Baido, The Ghost of Oiwa

Hosai Baido (1848 - 1920) The Ghost of Oiwa from Tokaido Yotsuya Kaidanca, 1896. Oban Triptych.

A scene from the dramatic kabuki play Tokaido Yotsuya Kaidanca. In this famous print, the artist is Hosai Baido.  Baido took a confusing array of names in his career. He is also known as Kunisada III and Toyokuni IV, later Toyokuni V and Kunimasa IV. Amy Riegle Newland comments:

Hosai died from illness, age 72, on 26 October 1920 at his home in Asakusa-tamachi.  Following his death, his role in the history of Meiji actor prints was largely forgotten and overshadowed by the accomplishments of the more prolific, and creative, figure of Kunichika.  But perhaps we should re-assess Hosai's role and accord him a position, if not the most innovative of designers, then at least as a final figure in the long line of Utagawa school actor image makers.

The very fine print shows the tragic and disfigured Oiwa, appearing to her wicked husband Iemon in the centre panel. This is a great and dramatic scene, the assistant at the left has vainly parried the apparition with his sword but to no avail. Oiwa advances upon them, clutching her fallen hair and a print of spring flowers. The Ghost of Oiwa is a hugely complex drama - the bones of the story concern Iemon, who is married to Oiwa. He resolves to marry Oume but first must dispose of his wife. The family of Oume provide him with a disfiguring face cream that Oiwa applies and the result is one of the most dramatic scenes in kabuki theatre. Transformed with the mandatory face make up of a distorted and drooping eye, the actor starts to comb his hair leaving a mountain of fallen locks, revealing the final hideous transformation of the character. In the version illustrated here, Kobotoke Kohei, the former servant of Iemon, steals the traditional medicine of the Tamiya family from his master. Iemon catches Kohei and murders him. Then he orders his cronies to nail the bodies of Oiwa and Kohei to the opposite sides of a door and to throw the door into a river. The motive is to link Oiwa and Kohei as lovers. Famously, Oiwa returns to haunt Iemon in various guises - most well known in ukiyo-e as a broken lamp shade. She eventually drives him mad and he takes his life.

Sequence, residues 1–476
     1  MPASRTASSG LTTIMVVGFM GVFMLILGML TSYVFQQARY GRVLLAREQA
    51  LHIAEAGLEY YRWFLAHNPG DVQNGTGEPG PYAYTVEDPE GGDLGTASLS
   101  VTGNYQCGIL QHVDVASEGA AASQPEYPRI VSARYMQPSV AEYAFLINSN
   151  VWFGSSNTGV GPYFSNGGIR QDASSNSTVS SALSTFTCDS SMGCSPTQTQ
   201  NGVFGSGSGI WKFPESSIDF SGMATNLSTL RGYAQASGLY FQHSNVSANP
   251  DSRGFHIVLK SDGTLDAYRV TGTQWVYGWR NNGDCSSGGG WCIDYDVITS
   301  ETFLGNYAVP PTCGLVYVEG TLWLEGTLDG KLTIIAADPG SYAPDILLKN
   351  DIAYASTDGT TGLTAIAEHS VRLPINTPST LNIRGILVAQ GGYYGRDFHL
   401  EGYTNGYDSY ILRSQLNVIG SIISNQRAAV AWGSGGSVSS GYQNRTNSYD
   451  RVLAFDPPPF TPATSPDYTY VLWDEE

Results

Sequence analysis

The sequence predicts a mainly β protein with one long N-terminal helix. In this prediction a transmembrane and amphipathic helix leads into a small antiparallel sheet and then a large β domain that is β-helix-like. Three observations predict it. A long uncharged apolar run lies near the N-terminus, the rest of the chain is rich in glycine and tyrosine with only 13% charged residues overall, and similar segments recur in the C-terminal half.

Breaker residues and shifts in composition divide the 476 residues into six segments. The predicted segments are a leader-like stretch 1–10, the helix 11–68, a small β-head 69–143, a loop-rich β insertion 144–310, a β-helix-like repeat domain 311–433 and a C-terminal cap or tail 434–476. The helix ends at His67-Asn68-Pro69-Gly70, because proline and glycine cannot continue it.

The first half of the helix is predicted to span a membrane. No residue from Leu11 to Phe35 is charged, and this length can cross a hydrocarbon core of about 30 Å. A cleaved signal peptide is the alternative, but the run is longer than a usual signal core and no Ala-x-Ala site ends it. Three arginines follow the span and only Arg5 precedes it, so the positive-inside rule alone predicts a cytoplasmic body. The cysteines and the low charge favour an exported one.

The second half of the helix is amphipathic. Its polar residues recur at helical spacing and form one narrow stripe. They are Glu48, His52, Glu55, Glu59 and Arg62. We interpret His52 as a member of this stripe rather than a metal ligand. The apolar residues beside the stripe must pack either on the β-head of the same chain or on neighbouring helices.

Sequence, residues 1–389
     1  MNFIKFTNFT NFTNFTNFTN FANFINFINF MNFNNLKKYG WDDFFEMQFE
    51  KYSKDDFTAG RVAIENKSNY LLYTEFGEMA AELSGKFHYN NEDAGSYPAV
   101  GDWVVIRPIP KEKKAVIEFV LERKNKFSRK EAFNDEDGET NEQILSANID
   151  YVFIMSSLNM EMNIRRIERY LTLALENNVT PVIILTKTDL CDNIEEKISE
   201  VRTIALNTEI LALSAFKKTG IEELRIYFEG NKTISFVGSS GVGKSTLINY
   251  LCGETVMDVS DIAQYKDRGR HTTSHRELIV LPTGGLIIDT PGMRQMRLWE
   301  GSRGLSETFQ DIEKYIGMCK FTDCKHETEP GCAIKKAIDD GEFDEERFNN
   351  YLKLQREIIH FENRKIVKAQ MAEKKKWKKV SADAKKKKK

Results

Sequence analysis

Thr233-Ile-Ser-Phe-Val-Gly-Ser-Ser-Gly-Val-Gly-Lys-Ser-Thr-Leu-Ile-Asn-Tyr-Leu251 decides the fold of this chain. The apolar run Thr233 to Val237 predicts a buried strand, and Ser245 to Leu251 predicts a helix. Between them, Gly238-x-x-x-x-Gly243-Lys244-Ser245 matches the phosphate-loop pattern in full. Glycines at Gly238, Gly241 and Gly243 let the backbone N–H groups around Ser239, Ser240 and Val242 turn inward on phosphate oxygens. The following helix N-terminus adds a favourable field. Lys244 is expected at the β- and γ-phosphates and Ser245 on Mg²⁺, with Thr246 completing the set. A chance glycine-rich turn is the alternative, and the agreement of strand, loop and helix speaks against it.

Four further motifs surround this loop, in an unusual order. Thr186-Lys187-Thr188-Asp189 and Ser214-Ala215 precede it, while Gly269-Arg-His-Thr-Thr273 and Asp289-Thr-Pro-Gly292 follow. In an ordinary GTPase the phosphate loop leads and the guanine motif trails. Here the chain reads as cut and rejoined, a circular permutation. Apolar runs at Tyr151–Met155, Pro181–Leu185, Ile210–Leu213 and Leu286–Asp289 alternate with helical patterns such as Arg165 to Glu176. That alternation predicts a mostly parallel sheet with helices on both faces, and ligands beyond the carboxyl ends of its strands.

The play has a political subtext and was widely seen as part of the growing disaffection with the traditional role of women in Edo society. The dramatic revenge upon Iemon by his wife was an expression of the increasing intolerance that Edo women had with the outdated patriarchal society - out of step with the new bourgeois culture of the time. A 1956 film version of the play with subtitles is available on Youtube.

The print is in very fine condition and the edition is early, showing lovely woodgrain in the background. Colour and impression are all fine.